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Quick Hits: Coach wants QBs to play with 'juice'


The Bears' starting quarterback competition between Mitchell Trubisky and Nick Foles won't be decided until later this summer. But one thing that's already known for certain is that first-year position coach John DeFilippo wants all of the quarterbacks he works with to play with "juice."

"Passion, energy and swagger, baby; that's what we're defined as in our room," DeFilippo said during a recent video call with the media. "We have a passion for the game. We have a ton of energy. We're the same people every day, and then we walk around with a little bit of swagger to ourselves in terms of we know that we're the best quarterback room in the National Football League. And it doesn't mean that we go around and are cocky and arrogant, that doesn't mean that at all. That just means we have a swagger about ourselves that the only people that can beat us is if we beat ourselves."

DeFilippo brings 13 seasons of NFL experience to the Bears, mostly as an offensive coordinator and quarterbacks coach, with the Giants (2005-06), Raiders (2007-08 and 2012-14), Jets (2009), Browns (2015), Eagles (2016-17), Vikings (2018) and Jaguars (2019). In those roles he has helped get the most out of quarterbacks such as Foles, Carson Wentz, Kirk Cousins, Gardner Minshew and Josh McCown.

DeFilippo believes that to excel in the NFL, quarterbacks must possess command in multiple areas. At the top of the list is maintaining a lifestyle that involves "living, breathing, eating and sleeping football." Second is having command of the offense and the scheme and knowing what the coaches are asking you to do. And third is demonstrating leadership.

"I think there are three levels to it," DeFilippo said. "There's command of yourself, command of the offense and command of the team."

Ifedi not apprehensive about starting camp

During an appearance on the Bears All-Access radio show on WSCR 670 AM Thursday night, offensive lineman Germain Ifedi said that he's not worried about reporting to Halas Hall for the start of training camp in late July in the midst of the coronavirus pandemic.

"There's no apprehension," Ifedi said. "Most players are ready to get back and want to start playing. Most guys in the league haven't had a layoff this long without an injury or something in their entire careers—not being able to be around your teammates and getting to those meetings and all that.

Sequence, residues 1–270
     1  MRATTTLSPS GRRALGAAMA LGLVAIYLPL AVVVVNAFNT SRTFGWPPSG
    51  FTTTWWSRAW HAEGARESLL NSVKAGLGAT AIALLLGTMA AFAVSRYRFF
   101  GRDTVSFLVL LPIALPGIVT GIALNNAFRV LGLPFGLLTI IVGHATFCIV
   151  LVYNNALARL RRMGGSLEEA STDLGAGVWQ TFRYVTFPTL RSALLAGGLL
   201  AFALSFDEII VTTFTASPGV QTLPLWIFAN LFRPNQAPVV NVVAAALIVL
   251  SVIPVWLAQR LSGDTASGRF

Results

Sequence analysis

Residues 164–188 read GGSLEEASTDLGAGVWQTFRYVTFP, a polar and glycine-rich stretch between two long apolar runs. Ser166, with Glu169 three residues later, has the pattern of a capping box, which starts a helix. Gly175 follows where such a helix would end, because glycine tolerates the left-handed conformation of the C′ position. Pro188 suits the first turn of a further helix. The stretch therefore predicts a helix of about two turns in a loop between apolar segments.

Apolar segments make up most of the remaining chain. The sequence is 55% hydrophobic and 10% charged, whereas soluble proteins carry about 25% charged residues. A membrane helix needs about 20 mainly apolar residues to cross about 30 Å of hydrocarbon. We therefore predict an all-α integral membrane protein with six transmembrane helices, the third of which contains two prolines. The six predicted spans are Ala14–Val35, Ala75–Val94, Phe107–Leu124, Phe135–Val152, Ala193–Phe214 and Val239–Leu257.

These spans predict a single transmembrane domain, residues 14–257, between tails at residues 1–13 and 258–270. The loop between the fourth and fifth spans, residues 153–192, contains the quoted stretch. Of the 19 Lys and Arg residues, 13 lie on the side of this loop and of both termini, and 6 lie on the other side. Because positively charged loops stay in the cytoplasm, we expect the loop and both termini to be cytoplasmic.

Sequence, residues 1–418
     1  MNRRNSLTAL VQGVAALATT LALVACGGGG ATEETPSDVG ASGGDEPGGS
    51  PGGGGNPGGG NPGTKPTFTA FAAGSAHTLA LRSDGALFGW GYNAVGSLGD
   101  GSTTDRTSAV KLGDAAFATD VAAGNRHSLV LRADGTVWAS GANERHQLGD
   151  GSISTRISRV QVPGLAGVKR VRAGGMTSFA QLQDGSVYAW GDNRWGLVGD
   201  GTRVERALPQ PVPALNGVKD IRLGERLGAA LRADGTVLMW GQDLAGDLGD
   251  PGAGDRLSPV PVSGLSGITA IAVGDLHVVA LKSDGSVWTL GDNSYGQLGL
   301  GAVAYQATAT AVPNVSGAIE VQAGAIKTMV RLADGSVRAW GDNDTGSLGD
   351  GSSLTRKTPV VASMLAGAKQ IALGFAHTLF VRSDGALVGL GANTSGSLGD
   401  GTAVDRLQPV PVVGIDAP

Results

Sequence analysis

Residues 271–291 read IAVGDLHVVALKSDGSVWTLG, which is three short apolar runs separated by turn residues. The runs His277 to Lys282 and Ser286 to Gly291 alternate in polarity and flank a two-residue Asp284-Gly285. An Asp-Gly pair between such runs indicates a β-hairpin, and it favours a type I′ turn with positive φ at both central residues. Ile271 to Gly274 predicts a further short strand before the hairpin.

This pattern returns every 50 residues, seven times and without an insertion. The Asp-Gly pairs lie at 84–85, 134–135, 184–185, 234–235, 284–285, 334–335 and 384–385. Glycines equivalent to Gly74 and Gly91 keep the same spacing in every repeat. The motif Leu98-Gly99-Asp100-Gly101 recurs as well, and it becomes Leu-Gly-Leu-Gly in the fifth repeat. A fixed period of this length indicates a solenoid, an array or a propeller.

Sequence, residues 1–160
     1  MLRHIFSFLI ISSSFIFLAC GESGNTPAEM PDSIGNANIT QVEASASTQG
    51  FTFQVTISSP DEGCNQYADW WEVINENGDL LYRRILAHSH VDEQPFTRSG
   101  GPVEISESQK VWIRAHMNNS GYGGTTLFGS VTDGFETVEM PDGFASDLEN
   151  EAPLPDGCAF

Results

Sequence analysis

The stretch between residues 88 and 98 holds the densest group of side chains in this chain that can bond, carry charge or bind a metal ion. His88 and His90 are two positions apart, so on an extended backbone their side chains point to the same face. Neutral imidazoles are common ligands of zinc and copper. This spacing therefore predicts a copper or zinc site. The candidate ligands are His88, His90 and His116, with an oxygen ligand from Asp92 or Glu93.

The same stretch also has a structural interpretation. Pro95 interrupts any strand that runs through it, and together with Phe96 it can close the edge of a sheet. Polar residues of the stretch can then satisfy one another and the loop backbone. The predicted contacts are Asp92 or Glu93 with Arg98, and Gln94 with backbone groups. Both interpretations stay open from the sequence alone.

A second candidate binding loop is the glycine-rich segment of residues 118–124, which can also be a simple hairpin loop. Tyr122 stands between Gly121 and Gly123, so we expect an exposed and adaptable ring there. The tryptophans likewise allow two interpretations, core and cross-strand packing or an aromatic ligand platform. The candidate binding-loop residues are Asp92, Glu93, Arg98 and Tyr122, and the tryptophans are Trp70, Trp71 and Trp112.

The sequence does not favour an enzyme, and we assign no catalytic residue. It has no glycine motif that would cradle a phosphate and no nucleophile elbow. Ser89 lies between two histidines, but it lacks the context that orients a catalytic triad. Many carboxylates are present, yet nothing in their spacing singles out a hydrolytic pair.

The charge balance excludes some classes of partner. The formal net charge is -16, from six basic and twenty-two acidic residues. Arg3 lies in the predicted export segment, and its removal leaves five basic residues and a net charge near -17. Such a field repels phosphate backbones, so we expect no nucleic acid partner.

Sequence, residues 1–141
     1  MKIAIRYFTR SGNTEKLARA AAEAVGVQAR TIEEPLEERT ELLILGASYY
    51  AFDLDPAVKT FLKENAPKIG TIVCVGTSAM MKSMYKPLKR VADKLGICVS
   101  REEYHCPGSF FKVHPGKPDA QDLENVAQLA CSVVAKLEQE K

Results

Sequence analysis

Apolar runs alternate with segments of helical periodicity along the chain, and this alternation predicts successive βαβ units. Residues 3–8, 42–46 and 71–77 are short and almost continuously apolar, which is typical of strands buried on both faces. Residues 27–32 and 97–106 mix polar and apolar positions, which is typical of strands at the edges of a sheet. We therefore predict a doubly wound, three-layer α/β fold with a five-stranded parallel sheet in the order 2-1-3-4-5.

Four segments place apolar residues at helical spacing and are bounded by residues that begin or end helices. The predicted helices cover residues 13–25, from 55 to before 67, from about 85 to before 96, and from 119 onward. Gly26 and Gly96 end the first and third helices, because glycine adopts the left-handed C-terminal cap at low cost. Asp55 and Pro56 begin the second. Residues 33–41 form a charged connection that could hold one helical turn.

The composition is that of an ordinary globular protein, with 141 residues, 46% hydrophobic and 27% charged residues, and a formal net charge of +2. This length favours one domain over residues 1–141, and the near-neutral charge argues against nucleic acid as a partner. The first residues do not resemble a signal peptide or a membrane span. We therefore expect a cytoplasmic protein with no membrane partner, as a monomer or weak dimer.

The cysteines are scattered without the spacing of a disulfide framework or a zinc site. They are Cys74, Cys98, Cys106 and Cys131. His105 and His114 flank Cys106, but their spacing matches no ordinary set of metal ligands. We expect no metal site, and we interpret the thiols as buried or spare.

"We're all excited to get started. You know the risk associated with traveling and doing all that. But you just exercise all the precautions that we've all been trying to exercise these past few months and just hope for the best."

Ifedi signed with the Bears April 1 after spending his first four NFL seasons with the Seahawks. Selected by Seattle with the 31st pick in the first round of the 2016 draft out of Texas A&M, he started all 60 career games he played from 2016-19.

The Bears have discussed the need for more physical play from their offensive line this season, and Ifedi is more than willing to contribute to that.

"That's always been a staple of my game, being physical, getting hands on guys, trying to finish," said the 6-5, 325-pounder, who is expected to compete for the starting right guard position.

Ifedi played on physical offensive lines in Seattle that helped the Seahawks lead the NFL in rushing in 2018 and rank sixth last season.

"That's the key to a successful run game and committing to it and just having that mindset," Ifedi said. "We'd all love to pass block and do all that stuff. But you have to be able to run the ball because that softens the defense and makes them have to play honest, have to respect you.

"I do believe that that's a lot of what's in my game, what's in my DNA. The last couple years we really took pride in that [with the Seahawks], in being able to run the ball."

Piñeiro confident he can improve in second year

Kicker Eddy Piñeiro is excited to build on a successful first season with the Bears. Last year he made 82.1 percent of his field-goal attempts (23 of 28), rebounding from a mini midseason slump to hit his last 11 tries over the final six games.

Piñeiro was acquired last May in a trade with the Raiders in exchange for a conditional seventh-round draft pick. He won a competition for the job with Elliott Fry in training camp and the first couple weeks of the preseason after the Bears had evaluated several other kickers in their rookie minicamp.

"The first year with the Bears was a good learning experience," Piñeiro said on Thursday night's All-Access radio show. "I think there's a lot of room for improvement. I think I can get better. And I'm hoping for another successful year this year. Hopefully I can get my percentage up a little bit. The biggest learning experience for me was kicking in a windy game and then going to a dome, that transition. I feel like I've matured a lot as a kicker and hopefully this year goes good for me."

In training camp this summer, Piñeiro will be challenged by Ramiz Ahmed, who signed with the Bears April 17. Ahmed last kicked competitively at the University of Nevada in 2018, when he made 15-of-20 field-goal attempts (75.0 percent). After not playing football while attending UNLV and Arizona State, Ahmed made the Wolf Pack team as a kickoff specialist in 2017 following a tryout.

"Obviously, there is pressure," Piñeiro said. "They brought in somebody to compete, so I've got to compete. I've got to win my job like everybody else. Everybody has to compete and win their job."

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